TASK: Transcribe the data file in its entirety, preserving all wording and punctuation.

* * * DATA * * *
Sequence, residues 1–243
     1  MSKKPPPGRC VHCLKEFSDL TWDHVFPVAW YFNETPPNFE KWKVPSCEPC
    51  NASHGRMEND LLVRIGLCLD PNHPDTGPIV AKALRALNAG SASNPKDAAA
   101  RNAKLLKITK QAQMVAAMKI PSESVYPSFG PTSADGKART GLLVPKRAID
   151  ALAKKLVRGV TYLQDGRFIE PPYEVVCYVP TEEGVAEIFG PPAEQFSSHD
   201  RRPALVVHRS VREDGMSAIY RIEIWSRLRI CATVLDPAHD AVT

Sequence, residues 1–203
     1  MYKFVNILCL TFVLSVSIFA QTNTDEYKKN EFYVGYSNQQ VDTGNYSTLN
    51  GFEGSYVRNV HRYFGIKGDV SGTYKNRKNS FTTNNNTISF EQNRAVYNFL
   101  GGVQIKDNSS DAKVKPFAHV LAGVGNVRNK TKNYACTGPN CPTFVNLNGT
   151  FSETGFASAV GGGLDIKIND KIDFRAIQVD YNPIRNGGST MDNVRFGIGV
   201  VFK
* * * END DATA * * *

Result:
Sequence, residues 1–243
     1  MSKKPPPGRC VHCLKEFSDL TWDHVFPVAW YFNETPPNFE KWKVPSCEPC
    51  NASHGRMEND LLVRIGLCLD PNHPDTGPIV AKALRALNAG SASNPKDAAA
   101  RNAKLLKITK QAQMVAAMKI PSESVYPSFG PTSADGKART GLLVPKRAID
   151  ALAKKLVRGV TYLQDGRFIE PPYEVVCYVP TEEGVAEIFG PPAEQFSSHD
   201  RRPALVVHRS VREDGMSAIY RIEIWSRLRI CATVLDPAHD AVT

Sequence, residues 1–203
     1  MYKFVNILCL TFVLSVSIFA QTNTDEYKKN EFYVGYSNQQ VDTGNYSTLN
    51  GFEGSYVRNV HRYFGIKGDV SGTYKNRKNS FTTNNNTISF EQNRAVYNFL
   101  GGVQIKDNSS DAKVKPFAHV LAGVGNVRNK TKNYACTGPN CPTFVNLNGT
   151  FSETGFASAV GGGLDIKIND KIDFRAIQVD YNPIRNGGST MDNVRFGIGV
   201  VFK